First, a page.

Concentration of Inhibitor Added Concentration in Water Concentration in Oil Concentration of Inhibitor Added Concentration in Water Concentration in Oil

60 350

300
50
50ppm based on Total

Phase Concentration, ppm


Partitioning Coefficient = 10
250
40
Water

200
30
50ppm based on Total Partitioning
Coefficient = 10
150

20
100

10
50

0 0
0% 10% 20% 30% 40% 50% 60% 70% 80% 90% 100% 0% 10% 20% 30% 40% 50% 60% 70% 80% 90% 100%
Water Cut, % Water Cut, %

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59.
Report No
S/EPT/54/07_____________________________________________________________

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Annex L - US Environmental Regulations

Environmental discharges in the Gulf of Mexico are regulated under a permit to discharge system
overseen by the US Environmental Protection Agency (EPA).

EPA Region 6 issues the National Pollutant Discharge Elimination System (NPDES) general
permit for the Western Portion of the Outer Continental Shelf of the Gulf of Mexico (No.
GMG290000) for discharges from new sources, existing sources, and new dischargers in the
Offshore Subcategory of the Oil and Gas Extraction Point Source Category (40 CFR Part 435,
Subpart A).

The general permit authorizes discharges from exploration, development, and production
facilities located in and discharging to Federal waters of the Gulf of Mexico seaward of the outer
boundary of the territorial seas offshore of Louisiana and Texas.

In compliance with the Federal Water Pollution Control Act, , operators of lease blocks in the Oil
and Gas Extraction Point Source Category which are located in Federal waters of the Western
Portion of the Gulf of Mexico (defined as seaward of the outer boundary of the territorial seas off
Louisiana and Texas) are authorized to discharge to the Western Portion of the Federal Waters of
the Gulf of Mexico in accordance with effluent limitations, monitoring requirements, and other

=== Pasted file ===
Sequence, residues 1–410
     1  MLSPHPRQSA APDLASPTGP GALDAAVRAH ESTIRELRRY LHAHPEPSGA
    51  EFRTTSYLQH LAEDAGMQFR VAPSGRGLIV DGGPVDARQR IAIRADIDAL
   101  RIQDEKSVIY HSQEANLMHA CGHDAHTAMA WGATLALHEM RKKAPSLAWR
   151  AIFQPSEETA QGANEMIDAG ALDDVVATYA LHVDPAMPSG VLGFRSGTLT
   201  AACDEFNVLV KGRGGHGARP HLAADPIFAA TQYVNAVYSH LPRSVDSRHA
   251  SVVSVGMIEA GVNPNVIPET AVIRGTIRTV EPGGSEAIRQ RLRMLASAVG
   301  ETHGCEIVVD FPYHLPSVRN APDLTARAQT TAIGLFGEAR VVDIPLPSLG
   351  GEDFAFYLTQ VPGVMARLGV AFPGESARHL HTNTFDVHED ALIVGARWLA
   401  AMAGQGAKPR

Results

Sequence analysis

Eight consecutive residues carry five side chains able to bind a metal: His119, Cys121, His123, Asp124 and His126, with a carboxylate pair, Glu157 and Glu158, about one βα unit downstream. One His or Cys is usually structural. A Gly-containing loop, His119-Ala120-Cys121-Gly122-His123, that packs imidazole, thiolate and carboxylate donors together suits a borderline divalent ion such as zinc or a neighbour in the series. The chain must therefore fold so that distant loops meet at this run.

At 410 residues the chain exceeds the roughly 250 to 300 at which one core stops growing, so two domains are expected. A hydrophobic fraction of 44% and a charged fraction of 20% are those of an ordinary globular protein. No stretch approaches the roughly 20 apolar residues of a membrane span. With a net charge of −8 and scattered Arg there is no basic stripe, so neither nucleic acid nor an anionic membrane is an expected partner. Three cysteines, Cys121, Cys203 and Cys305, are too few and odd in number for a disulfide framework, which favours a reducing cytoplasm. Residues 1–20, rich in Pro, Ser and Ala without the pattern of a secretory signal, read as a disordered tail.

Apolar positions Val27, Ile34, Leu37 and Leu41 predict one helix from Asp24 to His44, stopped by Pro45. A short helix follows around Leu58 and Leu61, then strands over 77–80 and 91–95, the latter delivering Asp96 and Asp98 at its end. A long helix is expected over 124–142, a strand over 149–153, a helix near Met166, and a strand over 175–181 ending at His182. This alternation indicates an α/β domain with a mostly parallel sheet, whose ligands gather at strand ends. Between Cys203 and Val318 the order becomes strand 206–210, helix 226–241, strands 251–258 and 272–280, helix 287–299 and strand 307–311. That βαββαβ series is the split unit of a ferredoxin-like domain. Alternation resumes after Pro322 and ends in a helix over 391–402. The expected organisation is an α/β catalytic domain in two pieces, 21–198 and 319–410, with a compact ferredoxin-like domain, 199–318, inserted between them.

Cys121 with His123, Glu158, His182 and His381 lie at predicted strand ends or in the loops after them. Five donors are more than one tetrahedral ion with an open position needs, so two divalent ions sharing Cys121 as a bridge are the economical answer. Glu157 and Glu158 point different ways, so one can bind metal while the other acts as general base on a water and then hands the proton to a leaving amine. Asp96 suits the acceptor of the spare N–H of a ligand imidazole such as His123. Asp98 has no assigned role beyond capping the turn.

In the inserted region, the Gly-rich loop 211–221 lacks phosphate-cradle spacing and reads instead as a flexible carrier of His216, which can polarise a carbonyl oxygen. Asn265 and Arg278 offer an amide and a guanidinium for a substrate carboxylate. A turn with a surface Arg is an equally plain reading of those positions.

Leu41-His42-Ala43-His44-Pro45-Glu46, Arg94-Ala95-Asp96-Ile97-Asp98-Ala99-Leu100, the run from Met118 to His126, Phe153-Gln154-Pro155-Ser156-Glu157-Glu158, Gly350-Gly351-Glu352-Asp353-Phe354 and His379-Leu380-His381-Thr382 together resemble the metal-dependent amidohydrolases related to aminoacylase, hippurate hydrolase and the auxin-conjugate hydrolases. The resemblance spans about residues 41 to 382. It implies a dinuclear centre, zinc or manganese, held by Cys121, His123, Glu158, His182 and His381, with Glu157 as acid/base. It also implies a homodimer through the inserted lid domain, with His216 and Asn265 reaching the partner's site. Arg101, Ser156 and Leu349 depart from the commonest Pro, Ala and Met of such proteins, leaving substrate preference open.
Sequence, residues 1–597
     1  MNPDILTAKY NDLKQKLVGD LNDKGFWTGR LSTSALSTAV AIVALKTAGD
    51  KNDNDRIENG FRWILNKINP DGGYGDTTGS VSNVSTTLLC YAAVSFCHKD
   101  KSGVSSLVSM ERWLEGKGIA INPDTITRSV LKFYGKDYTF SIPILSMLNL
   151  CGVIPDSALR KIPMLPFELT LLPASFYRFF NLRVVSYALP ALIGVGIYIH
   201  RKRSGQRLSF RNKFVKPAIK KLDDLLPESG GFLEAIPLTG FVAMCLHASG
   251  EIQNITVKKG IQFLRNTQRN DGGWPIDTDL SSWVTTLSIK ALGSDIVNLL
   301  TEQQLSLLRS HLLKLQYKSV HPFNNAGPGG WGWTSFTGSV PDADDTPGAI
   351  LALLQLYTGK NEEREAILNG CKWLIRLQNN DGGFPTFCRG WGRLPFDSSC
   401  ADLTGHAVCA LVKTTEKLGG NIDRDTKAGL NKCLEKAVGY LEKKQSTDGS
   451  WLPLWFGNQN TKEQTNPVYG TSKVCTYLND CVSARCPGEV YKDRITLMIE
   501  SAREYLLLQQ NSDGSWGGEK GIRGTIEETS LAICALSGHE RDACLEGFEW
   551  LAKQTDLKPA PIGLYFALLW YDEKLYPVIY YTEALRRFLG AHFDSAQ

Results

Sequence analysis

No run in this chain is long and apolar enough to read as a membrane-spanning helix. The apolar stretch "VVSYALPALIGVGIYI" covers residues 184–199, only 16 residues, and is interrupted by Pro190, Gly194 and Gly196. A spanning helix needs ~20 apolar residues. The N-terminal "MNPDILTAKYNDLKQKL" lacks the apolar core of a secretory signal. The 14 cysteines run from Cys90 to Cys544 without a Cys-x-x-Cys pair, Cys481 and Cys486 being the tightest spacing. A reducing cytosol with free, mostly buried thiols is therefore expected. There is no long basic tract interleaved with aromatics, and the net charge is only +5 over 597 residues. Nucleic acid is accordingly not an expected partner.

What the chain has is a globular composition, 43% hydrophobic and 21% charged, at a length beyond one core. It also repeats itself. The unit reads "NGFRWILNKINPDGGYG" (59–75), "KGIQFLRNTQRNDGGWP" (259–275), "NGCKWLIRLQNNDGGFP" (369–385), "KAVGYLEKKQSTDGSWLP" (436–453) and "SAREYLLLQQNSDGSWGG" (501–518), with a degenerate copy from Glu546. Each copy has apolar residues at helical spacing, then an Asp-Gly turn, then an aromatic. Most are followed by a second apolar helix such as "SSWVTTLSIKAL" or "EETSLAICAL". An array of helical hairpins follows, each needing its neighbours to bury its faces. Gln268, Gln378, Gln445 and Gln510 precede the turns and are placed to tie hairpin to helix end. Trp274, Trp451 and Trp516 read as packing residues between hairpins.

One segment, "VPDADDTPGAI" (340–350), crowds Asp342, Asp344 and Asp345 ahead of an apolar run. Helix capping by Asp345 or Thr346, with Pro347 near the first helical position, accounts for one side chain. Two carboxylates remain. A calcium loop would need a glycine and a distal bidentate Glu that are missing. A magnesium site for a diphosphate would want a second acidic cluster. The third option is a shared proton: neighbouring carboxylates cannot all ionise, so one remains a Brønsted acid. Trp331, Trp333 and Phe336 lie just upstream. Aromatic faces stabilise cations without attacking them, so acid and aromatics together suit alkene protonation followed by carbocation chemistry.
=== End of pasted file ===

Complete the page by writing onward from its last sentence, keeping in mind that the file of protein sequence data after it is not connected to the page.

conditions set forth in the attached permit. Also, operators of lease blocks located in the
territorial seas of Louisiana and Texas are authorized to discharge produced water from wells
located in those lease blocks to the Western Portion of the Federal Waters of the Gulf of Mexico
in accordance with effluent limitations, monitoring requirements, and other conditions set forth in
the attached general discharge permit.

If a Miscellaneous Discharges of Seawater or Freshwater has been treated with a “treatment


chemical,” then it is a “chemically-treated miscellaneous discharge” an estimate of the flow must
be recorded once per month.

The concentration of treatment chemicals in discharged seawater or freshwater shall not exceed
the most stringent of the following three constraints:

♦ the maximum concentrations and any other conditions specified in the EPA product
registration labeling if the chemical is an EPA registered product

♦ the maximum manufacturer’s recommended concentration

♦ 500 mg/L

“Treatment Chemicals” means biocides, corrosion inhibitors, or other chemicals which are used
to treat seawater or freshwater to prevent corrosion or fouling of piping or equipment.

Non-toxic scale inhibitors and dyes are not considered treatment chemicals.

$ %&&'((&)* + ), - $ "
.!

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62.
Annex M – North Sea Environmental Regulations

Currently, the environmental scheme in use in UK North Sea oilfield installations is the
Harmonised Mandatory Control Scheme (HMCS), which involves the following:

1. pre-screening
2. submission of HOCNF (Harmonised Offshore Chemical Notification Format) data
3. use of CHARM (Chemical Hazard Assessment and Risk Management) as a